Anyway I will get on with telling you about D.I. Grouse. He was a happy Chap he woke upon the Spring morning. When he got up he did every thing a normaly person would like get up.

  • Cheerful tone sits awkwardly with the task
slide24

Although the house was nice from out, detective inspector Glouse could help but smell a really stayall smell, it smell like something had gone off.

  • Empathy through central character
slide25

Grouse sighed and narrowed his eyes at John Hinton. Grouse stepped away from the door to let him in. Hinton strode in and followed Grouse to a small room leading off the main corridor. Hinton seemed nervous.

  • Choice of verbs directs reader’s interpretation
slide26

All teenagers like spending time with their friends. I know, I have been there once!

My Mother used to day the same thing your form tutor said;

  • Draws on opinion of others to add weight to argument
slide27

AF1/2 Implication for teaching and learning 1 for levels 6 to 7

Help pupils to:

Sustain a distinctive voice which presents and interprets ideas and events, eg by use of reflective, humorous or ironic comment. AF1/2

slide28

For onced I was confused. Bamboozled even!

For I was unaware that mystery had only just begun. 

  • Reflective, quirky comment
slide29

Once again he came to a sharp 180° turn he swirved round it almost colliding with a pedestrian and his dog.

“Crazy pedestrians!” He exclaimed.

  • Direct speech used for humorous interlude
slide30

You see, I wasn’t meant to be here really it was after working hours but I was going to need all the time I could get if I was to solve the case

  • First person narrator addresses reader personally
slide31

My advise to you would be to stop and think. Do you think your work is suffering?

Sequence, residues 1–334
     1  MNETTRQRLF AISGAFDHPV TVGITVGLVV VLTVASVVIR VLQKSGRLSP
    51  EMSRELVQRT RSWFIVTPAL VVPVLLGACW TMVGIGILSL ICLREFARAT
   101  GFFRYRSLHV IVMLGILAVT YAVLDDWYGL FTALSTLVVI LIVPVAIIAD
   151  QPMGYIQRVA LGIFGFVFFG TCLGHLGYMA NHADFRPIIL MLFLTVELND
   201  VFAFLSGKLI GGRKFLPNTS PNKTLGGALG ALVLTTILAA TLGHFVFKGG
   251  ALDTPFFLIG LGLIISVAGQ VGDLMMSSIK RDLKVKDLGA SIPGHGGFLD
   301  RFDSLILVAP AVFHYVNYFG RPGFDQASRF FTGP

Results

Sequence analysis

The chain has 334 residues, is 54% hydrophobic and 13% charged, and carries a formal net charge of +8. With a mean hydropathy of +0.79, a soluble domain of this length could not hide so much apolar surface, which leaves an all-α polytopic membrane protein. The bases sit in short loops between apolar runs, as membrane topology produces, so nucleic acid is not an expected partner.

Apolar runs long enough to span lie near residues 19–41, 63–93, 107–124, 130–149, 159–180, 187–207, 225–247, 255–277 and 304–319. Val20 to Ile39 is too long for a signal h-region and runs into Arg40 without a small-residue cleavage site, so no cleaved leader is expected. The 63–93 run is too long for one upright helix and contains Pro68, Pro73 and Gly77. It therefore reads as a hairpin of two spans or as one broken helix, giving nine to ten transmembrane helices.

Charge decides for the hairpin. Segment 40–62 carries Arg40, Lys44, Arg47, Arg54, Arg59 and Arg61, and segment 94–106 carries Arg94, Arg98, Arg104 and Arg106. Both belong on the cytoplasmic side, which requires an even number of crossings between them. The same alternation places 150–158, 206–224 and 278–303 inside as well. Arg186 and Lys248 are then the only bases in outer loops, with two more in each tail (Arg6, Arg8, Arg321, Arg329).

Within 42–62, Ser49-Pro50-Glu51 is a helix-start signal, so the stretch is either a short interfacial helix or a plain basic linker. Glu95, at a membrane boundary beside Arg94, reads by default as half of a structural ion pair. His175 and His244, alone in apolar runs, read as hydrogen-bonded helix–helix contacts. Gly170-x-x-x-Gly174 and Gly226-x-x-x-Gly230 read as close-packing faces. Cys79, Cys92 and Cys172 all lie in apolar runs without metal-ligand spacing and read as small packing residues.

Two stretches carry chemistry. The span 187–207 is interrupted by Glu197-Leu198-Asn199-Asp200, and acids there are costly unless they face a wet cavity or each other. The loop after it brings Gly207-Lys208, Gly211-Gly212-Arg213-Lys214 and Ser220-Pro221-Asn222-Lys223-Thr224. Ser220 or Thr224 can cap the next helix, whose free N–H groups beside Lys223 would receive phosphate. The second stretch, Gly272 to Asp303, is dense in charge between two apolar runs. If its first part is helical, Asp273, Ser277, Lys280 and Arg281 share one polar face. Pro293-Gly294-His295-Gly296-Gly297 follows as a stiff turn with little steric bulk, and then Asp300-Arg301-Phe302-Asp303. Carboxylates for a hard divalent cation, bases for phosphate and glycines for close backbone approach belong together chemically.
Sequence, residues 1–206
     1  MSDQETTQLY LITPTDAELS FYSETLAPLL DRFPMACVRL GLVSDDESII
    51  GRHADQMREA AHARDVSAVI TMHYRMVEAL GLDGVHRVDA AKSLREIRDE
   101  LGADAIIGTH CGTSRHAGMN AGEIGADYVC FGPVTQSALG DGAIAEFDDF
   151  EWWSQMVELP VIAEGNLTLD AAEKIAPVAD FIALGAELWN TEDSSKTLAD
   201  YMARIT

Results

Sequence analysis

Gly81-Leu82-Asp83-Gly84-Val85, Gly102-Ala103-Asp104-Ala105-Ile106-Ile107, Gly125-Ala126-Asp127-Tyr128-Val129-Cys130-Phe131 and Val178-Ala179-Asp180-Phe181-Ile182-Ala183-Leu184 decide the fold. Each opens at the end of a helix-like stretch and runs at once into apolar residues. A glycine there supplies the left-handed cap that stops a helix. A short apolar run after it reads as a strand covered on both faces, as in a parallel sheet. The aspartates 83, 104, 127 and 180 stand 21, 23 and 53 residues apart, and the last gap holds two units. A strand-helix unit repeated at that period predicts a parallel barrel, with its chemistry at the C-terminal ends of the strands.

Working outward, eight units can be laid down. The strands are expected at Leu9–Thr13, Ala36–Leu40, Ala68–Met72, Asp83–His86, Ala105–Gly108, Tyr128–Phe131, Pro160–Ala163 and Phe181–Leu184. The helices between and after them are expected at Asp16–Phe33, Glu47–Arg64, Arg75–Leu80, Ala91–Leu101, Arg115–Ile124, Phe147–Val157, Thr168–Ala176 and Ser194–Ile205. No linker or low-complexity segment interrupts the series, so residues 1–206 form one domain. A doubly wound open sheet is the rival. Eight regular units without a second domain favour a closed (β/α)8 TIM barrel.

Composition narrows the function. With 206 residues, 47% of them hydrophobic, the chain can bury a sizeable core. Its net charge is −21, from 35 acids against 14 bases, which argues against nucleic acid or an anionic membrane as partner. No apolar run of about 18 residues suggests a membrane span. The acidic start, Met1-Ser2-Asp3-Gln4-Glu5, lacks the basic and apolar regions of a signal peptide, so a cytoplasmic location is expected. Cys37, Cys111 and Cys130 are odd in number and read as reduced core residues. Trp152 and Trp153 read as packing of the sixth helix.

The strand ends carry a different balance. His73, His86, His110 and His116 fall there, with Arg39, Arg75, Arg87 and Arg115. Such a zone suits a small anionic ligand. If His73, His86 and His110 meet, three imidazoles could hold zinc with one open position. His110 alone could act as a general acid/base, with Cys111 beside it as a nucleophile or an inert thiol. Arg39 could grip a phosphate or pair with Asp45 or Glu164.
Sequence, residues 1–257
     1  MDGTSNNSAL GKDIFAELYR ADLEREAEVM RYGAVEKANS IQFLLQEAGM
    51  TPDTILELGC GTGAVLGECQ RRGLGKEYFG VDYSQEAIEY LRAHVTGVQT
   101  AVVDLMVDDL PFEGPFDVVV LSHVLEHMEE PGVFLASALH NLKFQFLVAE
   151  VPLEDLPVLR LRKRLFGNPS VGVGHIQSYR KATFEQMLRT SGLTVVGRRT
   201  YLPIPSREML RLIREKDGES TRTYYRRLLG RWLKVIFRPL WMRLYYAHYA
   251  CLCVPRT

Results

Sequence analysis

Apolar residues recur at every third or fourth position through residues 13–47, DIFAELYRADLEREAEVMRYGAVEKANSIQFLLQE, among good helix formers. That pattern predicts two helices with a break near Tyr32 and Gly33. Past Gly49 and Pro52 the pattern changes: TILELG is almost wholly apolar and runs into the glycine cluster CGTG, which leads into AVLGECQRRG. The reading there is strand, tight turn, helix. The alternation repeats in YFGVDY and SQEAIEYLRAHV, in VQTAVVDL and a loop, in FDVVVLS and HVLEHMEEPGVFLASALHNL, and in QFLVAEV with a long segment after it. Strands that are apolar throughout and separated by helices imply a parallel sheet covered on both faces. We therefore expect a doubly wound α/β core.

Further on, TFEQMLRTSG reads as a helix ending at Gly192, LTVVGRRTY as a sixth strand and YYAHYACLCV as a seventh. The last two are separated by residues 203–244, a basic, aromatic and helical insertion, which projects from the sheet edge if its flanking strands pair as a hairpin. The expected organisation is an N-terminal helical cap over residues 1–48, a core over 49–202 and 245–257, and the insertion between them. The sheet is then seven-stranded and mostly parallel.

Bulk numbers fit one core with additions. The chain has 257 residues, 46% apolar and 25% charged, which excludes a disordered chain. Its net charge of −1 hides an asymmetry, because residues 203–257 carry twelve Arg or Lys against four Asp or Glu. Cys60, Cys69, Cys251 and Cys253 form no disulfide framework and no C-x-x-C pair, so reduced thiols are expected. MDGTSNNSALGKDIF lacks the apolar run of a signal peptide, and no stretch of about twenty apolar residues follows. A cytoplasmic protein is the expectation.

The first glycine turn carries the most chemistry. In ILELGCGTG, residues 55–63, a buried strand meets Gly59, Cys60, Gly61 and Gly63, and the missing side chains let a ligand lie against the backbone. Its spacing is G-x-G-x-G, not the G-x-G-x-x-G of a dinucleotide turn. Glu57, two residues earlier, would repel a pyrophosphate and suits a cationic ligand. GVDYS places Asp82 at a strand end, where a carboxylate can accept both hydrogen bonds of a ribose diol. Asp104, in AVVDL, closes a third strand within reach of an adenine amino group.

• Assertion plus question used to set up dialogue with reader
slide32

We only mean’t to get the ‘harmless’ shaving foam on a few people that we knew would take it a joke. As it happens these people didn’t find the joke as funny as we thought they would.

  • Understatementused to create humour
slide33

AF1/2 Implication for teaching and learning 2 for levels 6 to 7

Help pupils to:

Integrate a range of stylistic devices to signal viewpoint and to guide readers’ reactions. AF1/2

slide34

Not only was he able to catch the criminal quickly and to solve the mystery through only a few clues; he also had the look to emphasise his greatness. He was tall, dark, mysterious – every girls dream. His name would send a chill down everyone’s spine. Who is he you ask? He is Detective Inspector Grouse!

  • Build-up of main character to raise reader’s expectations; avoids clichéd description by replacing ‘handsome’ with ‘mysterious’; name deliberately withheld until end of paragraph.
slide35

That was the last moment of piece he would get for a while. Although he didn’t know that at the time.

  • Omniscient narrator device, pre-empting events from beginning of chapter
slide36

I do think suspension is too much. I would rather have internal suspension, where I follow the teacher around. I have visited Sarah in hospital several times and she has accepted apology and we have become rather good friends.

  • Having made light of the seriousness of the situation, the pupil then puts alongside, in the same paragraph, that one of her victims is still in hospital, creating some dark humour for the reader.